Reuters logo
UPDATE 1-U.S. stock funds' weekly outflow largest in 2017 -Lipper
April 7, 2017 / 12:11 AM / in 8 months

UPDATE 1-U.S. stock funds' weekly outflow largest in 2017 -Lipper

 (Adds details on mutual funds and ETFs, analyst quote, table,
    By Trevor Hunnicutt
    NEW YORK, April 6 (Reuters) - Investors yanked the most
money from U.S.-based equity funds since December during the
latest week, Lipper data showed on Thursday, as they feared
stocks may be overpriced given the many roadblocks in
implementing U.S. President Donald Trump's economic policies.
    Nearly $12 billion drained from the stock funds in the seven
days through April 5, including $7 billion SPDR S&P 500 ETF
, a fund actively traded by investors ranging from
institutional investors making speculative bets to retail
    Trump's plans to cut taxes and regulations while boosting
infrastructure spending lifted the shares of industrial
companies, banks and the smallest publicly traded firms for
weeks after his Nov. 8 election. But all three categories lagged
the S&P 500 in the first quarter as investors lost
confidence that Trump could fulfill his agenda.
    Stock mutual funds, used extensively by retail investors,
also continued a streak of net outflows that has lasted the
better part of the last two years. The outflow totaled $7.4
billion during the week.
    By contrast, U.S.-based funds invested in stocks abroad took
in $1.1 billion during the week, the data showed.
    "There's a whole lot of uncertainty right now, which is
never good for the equity markets," said Pat Keon, senior
research analyst for Thomson Reuters Lipper.
    Keon said the United States' response to conflict in Syria
and North Korea has intensified jitters over policy even though
market returns have been strong.
    Matthew Bartolini, head of SPDR Americas Research at State
Street Global Advisors, said outflows likely include
both long-term investors who are trimming their winning bets and
shorter-term investors shifting to other markets.
    Investors' worries also included March U.S. auto sales data,
which this week came in below expectations.
    And U.S. House of Representatives Speaker Paul Ryan said
President Donald Trump's promised tax reform, which has boosted
equities markets, would take longer to accomplish than a failed
attempt this year to reform healthcare.
    Moreover, minutes of the U.S. Federal Reserve's March
meeting, released on Wednesday, showed policymakers weighing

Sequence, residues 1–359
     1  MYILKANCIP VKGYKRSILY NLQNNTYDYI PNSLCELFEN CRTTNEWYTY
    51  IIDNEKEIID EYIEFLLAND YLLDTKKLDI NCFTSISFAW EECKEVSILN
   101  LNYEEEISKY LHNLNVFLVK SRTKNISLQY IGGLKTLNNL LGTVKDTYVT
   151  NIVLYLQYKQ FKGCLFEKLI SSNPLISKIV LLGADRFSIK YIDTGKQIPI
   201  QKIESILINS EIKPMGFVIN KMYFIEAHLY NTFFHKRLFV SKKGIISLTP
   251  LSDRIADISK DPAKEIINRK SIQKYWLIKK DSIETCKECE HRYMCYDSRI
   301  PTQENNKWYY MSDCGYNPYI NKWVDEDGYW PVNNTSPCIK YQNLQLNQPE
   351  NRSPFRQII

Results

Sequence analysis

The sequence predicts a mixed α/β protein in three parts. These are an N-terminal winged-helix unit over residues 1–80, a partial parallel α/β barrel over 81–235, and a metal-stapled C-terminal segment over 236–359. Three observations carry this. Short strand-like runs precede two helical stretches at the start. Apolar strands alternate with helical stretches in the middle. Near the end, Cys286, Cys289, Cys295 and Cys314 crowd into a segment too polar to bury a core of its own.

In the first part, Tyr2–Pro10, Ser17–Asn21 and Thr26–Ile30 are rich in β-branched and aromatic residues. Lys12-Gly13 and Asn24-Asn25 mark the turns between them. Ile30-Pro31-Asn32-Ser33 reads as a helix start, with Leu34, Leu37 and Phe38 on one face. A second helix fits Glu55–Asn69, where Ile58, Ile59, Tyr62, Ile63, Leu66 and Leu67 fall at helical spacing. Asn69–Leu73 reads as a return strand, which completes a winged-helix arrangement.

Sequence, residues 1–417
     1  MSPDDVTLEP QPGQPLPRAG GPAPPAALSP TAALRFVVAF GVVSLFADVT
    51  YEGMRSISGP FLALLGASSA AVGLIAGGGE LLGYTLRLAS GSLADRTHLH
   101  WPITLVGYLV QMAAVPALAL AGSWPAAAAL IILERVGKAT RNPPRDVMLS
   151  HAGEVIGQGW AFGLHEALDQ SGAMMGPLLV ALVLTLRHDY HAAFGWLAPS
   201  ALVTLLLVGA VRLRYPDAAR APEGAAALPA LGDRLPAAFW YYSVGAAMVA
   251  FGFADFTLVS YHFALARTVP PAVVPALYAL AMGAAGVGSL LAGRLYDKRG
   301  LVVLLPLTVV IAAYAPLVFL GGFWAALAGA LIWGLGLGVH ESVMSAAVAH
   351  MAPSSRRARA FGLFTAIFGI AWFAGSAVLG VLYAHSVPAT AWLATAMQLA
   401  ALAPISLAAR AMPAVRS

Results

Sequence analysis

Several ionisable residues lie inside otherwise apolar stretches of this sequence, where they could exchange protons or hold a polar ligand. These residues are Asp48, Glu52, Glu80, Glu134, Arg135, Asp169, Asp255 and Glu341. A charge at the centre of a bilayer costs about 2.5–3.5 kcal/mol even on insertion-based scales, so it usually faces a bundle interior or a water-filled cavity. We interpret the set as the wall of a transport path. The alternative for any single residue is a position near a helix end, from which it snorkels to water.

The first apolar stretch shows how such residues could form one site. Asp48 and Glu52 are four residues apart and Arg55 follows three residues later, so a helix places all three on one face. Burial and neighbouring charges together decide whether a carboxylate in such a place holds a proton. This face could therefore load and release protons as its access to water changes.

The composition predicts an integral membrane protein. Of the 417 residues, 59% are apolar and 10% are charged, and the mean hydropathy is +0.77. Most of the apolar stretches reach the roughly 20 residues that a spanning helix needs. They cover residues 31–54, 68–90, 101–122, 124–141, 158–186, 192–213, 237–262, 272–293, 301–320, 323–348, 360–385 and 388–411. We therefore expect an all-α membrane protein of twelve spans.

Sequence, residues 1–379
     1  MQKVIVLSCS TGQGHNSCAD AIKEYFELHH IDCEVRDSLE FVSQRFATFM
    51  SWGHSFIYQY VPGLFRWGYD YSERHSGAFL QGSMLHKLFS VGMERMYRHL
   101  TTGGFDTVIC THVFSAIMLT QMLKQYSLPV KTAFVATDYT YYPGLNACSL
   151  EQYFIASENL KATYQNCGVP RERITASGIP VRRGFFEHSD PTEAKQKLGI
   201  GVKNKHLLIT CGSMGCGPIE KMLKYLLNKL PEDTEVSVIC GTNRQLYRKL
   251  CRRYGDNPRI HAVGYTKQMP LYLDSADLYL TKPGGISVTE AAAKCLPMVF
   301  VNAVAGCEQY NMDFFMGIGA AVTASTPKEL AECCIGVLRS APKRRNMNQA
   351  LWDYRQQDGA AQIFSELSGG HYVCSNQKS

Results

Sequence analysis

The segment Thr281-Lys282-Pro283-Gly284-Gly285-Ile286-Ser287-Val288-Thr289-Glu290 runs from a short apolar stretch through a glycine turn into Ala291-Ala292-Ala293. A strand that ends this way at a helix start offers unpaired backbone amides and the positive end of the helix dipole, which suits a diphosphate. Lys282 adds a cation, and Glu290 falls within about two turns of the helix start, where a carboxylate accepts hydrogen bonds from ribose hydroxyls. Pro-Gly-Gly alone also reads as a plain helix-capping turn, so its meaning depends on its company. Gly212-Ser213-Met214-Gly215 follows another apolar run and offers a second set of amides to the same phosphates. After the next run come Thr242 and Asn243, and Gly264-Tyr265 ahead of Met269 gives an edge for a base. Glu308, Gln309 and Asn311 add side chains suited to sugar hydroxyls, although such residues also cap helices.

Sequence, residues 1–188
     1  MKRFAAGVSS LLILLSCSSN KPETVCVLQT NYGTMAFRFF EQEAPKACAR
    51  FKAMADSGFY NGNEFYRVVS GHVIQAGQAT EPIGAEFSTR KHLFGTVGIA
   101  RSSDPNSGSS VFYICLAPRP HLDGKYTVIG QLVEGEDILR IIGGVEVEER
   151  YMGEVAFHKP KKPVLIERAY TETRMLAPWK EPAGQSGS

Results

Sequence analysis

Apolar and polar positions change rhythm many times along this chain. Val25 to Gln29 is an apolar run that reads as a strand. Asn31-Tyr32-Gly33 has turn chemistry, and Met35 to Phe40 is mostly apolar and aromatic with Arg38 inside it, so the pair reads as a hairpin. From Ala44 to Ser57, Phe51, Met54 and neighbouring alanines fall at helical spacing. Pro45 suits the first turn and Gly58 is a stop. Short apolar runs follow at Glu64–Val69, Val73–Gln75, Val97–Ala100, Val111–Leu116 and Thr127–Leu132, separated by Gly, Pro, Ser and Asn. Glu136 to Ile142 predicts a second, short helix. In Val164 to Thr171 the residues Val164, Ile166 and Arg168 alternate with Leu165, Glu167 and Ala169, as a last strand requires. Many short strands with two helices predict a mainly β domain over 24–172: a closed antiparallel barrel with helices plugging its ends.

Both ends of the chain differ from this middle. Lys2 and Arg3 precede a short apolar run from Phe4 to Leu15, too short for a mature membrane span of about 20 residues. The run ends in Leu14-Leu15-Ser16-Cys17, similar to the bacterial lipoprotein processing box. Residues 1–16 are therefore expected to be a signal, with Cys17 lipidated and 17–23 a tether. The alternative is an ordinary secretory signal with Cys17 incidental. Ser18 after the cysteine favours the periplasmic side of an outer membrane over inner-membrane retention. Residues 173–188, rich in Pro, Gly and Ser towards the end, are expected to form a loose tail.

plans to reduce the central bank's massive holdings totaling
$4.5 trillion.
    During the latest week, financial sector funds posted $387
million in withdrawals. Technology, which lagged financials
considerably after the election, attracted $409 million in their
largest week of inflows since February, according to Lipper.
    U.S-based taxable-bond funds pulled in  $4.3 billion in
their third straight week of inflows, the research service said.
High-yield funds gathered $2.4 billion after facing withdrawals
last month.
    The following is a broad breakdown of the flows for the
week, including mutual funds and exchange-traded funds:
 Sector                    Flow Chg  % Assets  Assets     Count
                           ($blns)             ($blns)    
 All Equity Funds          -11.896   -0.21     5,741.072  11,669
 Domestic Equities         -12.985   -0.32     4,071.843  8,344
 Non-Domestic Equities     1.089     0.06      1,669.229  3,325
 All Taxable Bond Funds    4.257     0.18      2,390.588  5,889
 All Money Market Funds    4.121     0.18      2,317.397  1,020
 All Municipal Bond Funds  -0.287    -0.08     372.734    1,405
 (Reporting by Trevor Hunnicutt; Editing by Jennifer Ablan and
Richard Chang)

Our Standards:The Thomson Reuters Trust Principles.
0 : 0
  • narrow-browser-and-phone
  • medium-browser-and-portrait-tablet
  • landscape-tablet
  • medium-wide-browser
  • wide-browser-and-larger
  • medium-browser-and-landscape-tablet
  • medium-wide-browser-and-larger
  • above-phone
  • portrait-tablet-and-above
  • above-portrait-tablet
  • landscape-tablet-and-above
  • landscape-tablet-and-medium-wide-browser
  • portrait-tablet-and-below
  • landscape-tablet-and-below